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Macroeconomic Policy in a Two-Party System as a Repeated Game

Macroeconomic Policy in a Two-Party System as a Repeated Game Abstract This paper considers the interaction of two parties with different objectives concerning inflation and unemployment and rational and forward-looking wage-setters. If discretionary policies are followed, an economic cycle related to the political cycle results in equilibrium. This cycle is significantly different from the traditional “political business cycle.” Reputational mechanisms due to the repeated interaction of the two parties and the public or commitments to a common policy rule can improve upon the discretionary outcome by reducing or eliminating the magnitude of the economic fluctuations. * " This paper is based on one chapter of my Ph.D. dissertation at Harvard University [May 1986]. I am greatly indebted to Jeffrey Sachs for having directed my attention toward these issues and for many helpful conversations and suggestions. I also benefited from conversations with Andrew Abel, Dilip Abreu, Olivier Blanchard, Ramon Caminal, Andrew Caplin, Morris Fiorina, Benjamin Friedman, Herschel Grossman, Maria Herrero, Howard Rosenthal, and Susan Vitka. The comments of a referee greatly improved the paper. Ente “Luigi Einaudi” provided generous financial support. The views expressed in the paper are mine, as is the responsibility for any mistakes. This content is only available as a PDF. Copyright © 1987 by the President and Fellows of Harvard College http://www.deepdyve.com/assets/images/DeepDyve-Logo-lg.png The Quarterly Journal of Economics Oxford University Press

Macroeconomic Policy in a Two-Party System as a Repeated Game

The Quarterly Journal of Economics , Volume 102 (3) – Aug 1, 1987

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References (33)

Publisher
Oxford University Press
Copyright
Copyright © 1987 by the President and Fellows of Harvard College
ISSN
0033-5533
eISSN
1531-4650
DOI
10.2307/1884222
Publisher site
See Article on Publisher Site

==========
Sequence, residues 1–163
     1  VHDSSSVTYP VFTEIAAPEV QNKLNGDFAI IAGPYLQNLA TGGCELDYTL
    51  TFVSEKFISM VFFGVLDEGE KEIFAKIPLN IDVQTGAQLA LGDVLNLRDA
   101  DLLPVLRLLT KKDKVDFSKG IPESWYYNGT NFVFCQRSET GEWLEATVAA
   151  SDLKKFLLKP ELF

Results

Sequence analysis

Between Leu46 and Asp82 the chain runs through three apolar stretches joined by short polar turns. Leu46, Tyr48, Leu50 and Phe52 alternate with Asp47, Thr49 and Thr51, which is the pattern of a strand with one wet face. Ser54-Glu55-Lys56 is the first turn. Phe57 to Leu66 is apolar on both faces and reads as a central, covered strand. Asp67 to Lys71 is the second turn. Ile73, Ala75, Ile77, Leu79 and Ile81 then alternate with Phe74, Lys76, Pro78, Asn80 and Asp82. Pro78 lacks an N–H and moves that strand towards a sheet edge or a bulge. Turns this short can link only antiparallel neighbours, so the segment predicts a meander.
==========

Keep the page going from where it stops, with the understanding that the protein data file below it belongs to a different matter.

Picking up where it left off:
Abstract

Abstract This paper considers the interaction of two parties with different objectives concerning inflation and unemployment and rational and forward-looking wage-setters. If discretionary policies are followed, an economic cycle related to the political cycle results in equilibrium. This cycle is significantly different from the traditional “political business cycle.” Reputational mechanisms due to the repeated interaction of the two parties and the public or commitments to a common policy rule can improve upon the discretionary outcome by reducing or eliminating the magnitude of the economic fluctuations. * " This paper is based on one chapter of my Ph.D. dissertation at Harvard University [May 1986]. I am greatly indebted to Jeffrey Sachs for having directed my attention toward these issues and for many helpful conversations and suggestions. I also benefited from conversations with Andrew Abel, Dilip Abreu, Olivier Blanchard, Ramon Caminal, Andrew Caplin, Morris Fiorina, Benjamin Friedman, Herschel Grossman, Maria Herrero, Howard Rosenthal, and Susan Vitka. The comments of a referee greatly improved the paper. Ente “Luigi Einaudi” provided generous financial support. The views expressed in the paper are mine, as is the responsibility for any mistakes. This content is only available as a PDF. Copyright © 1987 by the President and Fellows of Harvard College

Journal

The Quarterly Journal of EconomicsOxford University Press

Published: Aug 1, 1987

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